Well, the Jubilee celebrations have come and gone. While I generally haven’t got into a flap about the royal family in any great degree, I must admit that the whole spiel has softened my attitude towards them slightly. If only because it’s given the whole country something to talk about and get involved in besides the weather.
In our village, we got together on the green on Sunday afternoon (in the pouring rain), and joined in what was supposed to be a “Picnic on the green”. Except that the bouncing castle was indoors, and the picnics all took place inside a rather cramped marquee (apart from a few who brought their own gazebos). But loads of people still turned up in the 10° summer heat and helped out, got involved, and generally had a good time. The rain actually helped out a bit – it forced interaction in close quarters indoors, instead of the default position which would have been a scattering over the whole green.
Then, on Monday, we got back from a day trip to find the rest of our street gathered together in one of the gardens having an impromptu street party. The children played, the adults chattered. We’ve only been in the street for about 10 months, and have met most of the parents of the children that do the rat pack thing up and down the street. But thanks to the goings-on this weekend, we’ve made big strides in joining in the community.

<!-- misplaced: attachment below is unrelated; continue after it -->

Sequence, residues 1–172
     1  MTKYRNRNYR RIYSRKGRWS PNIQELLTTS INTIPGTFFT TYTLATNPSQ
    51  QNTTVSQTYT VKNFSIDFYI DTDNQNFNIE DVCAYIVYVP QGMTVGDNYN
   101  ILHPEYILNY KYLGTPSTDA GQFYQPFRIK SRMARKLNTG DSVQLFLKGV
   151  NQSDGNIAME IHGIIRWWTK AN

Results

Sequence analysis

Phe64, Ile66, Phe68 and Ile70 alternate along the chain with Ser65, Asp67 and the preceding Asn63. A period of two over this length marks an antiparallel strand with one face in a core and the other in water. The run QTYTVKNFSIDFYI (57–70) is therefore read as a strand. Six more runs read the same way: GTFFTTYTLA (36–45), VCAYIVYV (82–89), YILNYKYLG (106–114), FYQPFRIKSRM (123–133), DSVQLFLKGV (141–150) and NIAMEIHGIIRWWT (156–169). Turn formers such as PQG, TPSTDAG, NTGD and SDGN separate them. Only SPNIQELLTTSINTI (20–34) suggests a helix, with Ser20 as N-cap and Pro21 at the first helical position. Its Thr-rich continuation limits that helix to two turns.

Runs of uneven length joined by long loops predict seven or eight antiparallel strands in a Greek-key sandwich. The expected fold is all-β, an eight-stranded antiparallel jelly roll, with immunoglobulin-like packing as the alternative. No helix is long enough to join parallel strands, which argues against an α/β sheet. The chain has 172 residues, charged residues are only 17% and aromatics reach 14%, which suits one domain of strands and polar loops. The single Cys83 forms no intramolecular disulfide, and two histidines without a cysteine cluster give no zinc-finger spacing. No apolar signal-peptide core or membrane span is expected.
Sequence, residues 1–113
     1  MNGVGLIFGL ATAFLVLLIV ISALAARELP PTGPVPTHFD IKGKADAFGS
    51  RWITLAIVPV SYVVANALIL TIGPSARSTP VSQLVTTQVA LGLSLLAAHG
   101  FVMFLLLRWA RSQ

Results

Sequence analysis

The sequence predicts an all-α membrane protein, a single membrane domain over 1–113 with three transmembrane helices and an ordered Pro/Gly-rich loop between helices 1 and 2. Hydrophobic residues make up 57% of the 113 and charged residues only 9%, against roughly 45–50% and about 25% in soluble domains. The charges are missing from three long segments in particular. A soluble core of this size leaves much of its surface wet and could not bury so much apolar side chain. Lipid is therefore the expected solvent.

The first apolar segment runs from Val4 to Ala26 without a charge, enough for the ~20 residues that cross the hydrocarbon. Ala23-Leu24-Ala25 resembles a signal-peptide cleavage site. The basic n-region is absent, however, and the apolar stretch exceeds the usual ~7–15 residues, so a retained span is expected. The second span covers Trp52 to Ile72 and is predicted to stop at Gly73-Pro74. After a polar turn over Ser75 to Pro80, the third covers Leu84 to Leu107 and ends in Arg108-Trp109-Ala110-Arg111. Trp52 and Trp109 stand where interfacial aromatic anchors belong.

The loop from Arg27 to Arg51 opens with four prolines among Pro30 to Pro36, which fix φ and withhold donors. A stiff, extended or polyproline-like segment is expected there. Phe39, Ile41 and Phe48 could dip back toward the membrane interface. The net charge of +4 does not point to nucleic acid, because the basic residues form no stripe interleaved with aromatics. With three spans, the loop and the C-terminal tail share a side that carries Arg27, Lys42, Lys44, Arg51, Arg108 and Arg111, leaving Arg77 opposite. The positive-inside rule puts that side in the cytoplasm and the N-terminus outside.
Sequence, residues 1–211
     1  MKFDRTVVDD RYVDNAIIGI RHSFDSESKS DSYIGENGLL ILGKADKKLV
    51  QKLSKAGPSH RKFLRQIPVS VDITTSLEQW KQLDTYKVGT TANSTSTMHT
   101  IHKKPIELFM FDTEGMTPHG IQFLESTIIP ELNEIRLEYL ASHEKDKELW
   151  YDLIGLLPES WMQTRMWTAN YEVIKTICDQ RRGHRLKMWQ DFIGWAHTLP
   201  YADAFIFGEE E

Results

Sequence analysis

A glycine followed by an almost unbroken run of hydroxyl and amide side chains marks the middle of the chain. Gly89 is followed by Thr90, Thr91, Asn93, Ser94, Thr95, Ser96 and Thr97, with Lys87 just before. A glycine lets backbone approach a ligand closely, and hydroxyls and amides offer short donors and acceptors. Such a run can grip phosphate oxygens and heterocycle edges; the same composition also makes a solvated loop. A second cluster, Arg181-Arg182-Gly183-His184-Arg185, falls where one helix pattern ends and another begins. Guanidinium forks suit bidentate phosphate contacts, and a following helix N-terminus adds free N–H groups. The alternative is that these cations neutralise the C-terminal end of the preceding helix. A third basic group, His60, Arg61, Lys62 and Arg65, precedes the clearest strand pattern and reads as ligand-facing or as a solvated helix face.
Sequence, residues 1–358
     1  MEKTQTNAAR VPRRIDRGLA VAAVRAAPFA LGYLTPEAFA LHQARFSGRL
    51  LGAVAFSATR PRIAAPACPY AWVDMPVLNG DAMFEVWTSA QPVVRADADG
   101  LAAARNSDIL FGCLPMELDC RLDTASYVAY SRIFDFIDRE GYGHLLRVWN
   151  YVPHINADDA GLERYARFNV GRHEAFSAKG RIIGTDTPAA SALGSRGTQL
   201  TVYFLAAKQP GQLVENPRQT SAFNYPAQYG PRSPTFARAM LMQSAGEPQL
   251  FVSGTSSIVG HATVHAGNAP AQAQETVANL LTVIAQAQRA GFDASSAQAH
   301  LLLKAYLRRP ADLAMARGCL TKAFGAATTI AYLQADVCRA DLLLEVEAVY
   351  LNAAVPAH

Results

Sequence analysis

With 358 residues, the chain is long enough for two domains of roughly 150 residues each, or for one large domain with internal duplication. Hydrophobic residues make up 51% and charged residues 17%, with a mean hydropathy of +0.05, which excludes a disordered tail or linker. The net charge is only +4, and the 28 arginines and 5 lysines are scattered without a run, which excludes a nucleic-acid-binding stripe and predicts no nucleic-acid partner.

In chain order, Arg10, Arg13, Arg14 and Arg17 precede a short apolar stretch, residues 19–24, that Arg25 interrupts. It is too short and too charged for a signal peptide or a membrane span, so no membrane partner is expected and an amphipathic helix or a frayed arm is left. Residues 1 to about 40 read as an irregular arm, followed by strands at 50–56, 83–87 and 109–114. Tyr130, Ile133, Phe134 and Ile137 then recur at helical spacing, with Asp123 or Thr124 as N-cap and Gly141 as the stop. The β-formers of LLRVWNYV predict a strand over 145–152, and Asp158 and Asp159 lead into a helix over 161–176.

But for me, the lasting memory when looking back over the past week or two will be the sheer volume of bunting the Brits are capable of tacking up. Jimmy Carr wasn’t far off when he quipped during the Jubilee concert that without the queen, “this country wouldn’t even have a bunting industry”. Now, South Africans don’t really do bunting. We’re ok with fairy lights, and streamers, and other tacky adornments. Triangular material or plastic attached to string doesn’t feature in our ornamentation schemes. And “bunting” is something relegated to a nursery rhyme about a baby needing a rabbit skin to keep warm.
Somehow, I don’t really see it taking off there either – because the vast majority of it around over the past while was been the cheap union jack-type variety. Which is a pity, because there’s a genuine charm to the material Cath Kidston-esque versions. It’s like most decorations – the genuine quality stuff gets drowned out by the cheaper stuff. We’ll probably do our bit and export a string or two, but our influence is somewhat limited.